Gibraltar has accused Spain of manipulating the European Council after the EU effectively handed Spain a veto over the future of 'the Rock' .
The EU states in its draft Brexit negotiating guidelines that no agreement on the EU's future relationship with the UK would apply to Gibraltar without the consent of Madrid – thus handing Spain a potential veto.
The clause was included in the proposed negotiating strategy outlined on Friday (31 March) which also said that the UK must begin talks on Brexit and confirm the future of EU citizens before talks on a new trade deal can begin.
European Council president Donald Tusk said talks would be "difficult, complex and sometimes even confrontational". But, he added, the EU would not "pursue a punitive approach".
The council's stance on the British enclave off southern Spain, however, has angered Gibraltar's chief minister Fabian Picardo who said the potential veto was "unacceptable".
The guidelines, which will be refined at a summit between the other 27 EU leaders at the end of April, say: "No agreement between the EU and the United Kingdom may apply to the territory of Gibraltar without the agreement between the kingdom of Spain and the United Kingdom".
Picardo, according to the Guardian, said: "This unnecessary, unjustified and unacceptable discriminatory proposed singling out of Gibraltar and its people was the predictable machination of Spain that the people of Gibraltar foresaw and one of the reasons why we voted so massively to remain in the EU.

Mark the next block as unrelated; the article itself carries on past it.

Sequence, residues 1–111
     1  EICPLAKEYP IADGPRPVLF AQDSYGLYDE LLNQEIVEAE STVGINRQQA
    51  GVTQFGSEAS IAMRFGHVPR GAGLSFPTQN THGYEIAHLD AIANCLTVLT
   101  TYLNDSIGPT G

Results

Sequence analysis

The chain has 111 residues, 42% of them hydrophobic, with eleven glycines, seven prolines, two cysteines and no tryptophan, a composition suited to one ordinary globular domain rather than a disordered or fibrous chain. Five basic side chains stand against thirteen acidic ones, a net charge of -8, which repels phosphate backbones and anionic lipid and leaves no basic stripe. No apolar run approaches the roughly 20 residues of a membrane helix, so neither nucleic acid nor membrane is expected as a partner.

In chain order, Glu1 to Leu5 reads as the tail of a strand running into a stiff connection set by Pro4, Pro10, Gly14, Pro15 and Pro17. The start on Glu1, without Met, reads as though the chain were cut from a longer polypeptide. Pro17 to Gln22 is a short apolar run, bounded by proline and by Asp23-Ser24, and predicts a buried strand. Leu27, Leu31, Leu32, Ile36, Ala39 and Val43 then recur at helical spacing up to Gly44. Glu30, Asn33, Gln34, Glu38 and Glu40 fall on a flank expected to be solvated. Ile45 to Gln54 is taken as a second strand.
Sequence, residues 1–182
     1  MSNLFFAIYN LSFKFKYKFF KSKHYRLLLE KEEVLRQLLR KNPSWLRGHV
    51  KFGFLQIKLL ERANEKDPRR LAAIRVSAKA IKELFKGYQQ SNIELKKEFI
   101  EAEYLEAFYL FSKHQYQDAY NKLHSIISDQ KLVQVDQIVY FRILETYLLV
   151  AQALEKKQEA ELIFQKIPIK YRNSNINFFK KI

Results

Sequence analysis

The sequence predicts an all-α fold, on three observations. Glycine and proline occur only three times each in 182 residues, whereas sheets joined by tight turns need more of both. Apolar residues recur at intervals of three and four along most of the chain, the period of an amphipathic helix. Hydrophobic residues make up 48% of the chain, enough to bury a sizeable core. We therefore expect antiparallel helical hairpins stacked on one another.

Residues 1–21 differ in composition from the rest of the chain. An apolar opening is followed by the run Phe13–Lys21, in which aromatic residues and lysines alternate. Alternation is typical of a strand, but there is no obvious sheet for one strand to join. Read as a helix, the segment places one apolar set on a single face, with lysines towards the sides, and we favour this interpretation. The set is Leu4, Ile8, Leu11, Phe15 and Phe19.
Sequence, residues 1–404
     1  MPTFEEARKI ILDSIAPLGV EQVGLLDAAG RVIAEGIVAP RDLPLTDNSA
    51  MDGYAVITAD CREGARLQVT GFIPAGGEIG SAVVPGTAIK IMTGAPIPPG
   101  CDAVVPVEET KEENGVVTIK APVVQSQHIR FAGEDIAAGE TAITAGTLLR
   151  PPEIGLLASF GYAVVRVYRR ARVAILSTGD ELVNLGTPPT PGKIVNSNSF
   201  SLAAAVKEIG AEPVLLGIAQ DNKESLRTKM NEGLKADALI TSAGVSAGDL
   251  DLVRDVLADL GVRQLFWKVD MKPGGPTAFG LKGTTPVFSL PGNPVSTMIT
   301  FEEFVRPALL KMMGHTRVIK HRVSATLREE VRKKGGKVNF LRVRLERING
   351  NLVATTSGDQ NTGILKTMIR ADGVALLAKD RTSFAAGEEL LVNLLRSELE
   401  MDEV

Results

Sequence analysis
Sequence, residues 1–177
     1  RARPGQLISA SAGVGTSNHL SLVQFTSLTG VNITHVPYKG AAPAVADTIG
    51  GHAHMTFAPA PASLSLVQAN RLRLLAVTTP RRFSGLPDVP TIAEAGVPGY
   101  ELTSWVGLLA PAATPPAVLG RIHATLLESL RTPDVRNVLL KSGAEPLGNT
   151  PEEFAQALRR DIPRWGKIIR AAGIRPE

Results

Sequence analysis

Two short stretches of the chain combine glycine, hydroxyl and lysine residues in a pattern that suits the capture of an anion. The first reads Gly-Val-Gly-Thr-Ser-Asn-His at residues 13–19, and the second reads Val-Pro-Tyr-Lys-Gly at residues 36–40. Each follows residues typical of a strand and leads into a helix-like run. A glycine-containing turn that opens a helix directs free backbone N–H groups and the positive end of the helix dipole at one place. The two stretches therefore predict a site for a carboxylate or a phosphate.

"This is a disgraceful attempt by Spain to manipulate the European council for its own, narrow political interests. Brexit is already complicated enough without Spain trying to complicate it further."
The successful lobbying by Spanish diplomats will inflame tensions over UK sovereignty on the Rock which has been contested by Spain since the UK took control of Gibraltar in 1713.
The 30,000 British citizens who live there voted 96% to 4% to remain in the EU in last June's referendum.
MP Jack Lopresti, chairman of the UK's All-Party Parliamentary Group on Gibraltar, said Spain was using Brexit as "a "figleaf for troublemaking".
He added that there was no question of any negotiation over Gibraltar's future and said he would raise the matter with the secretary general of Nato.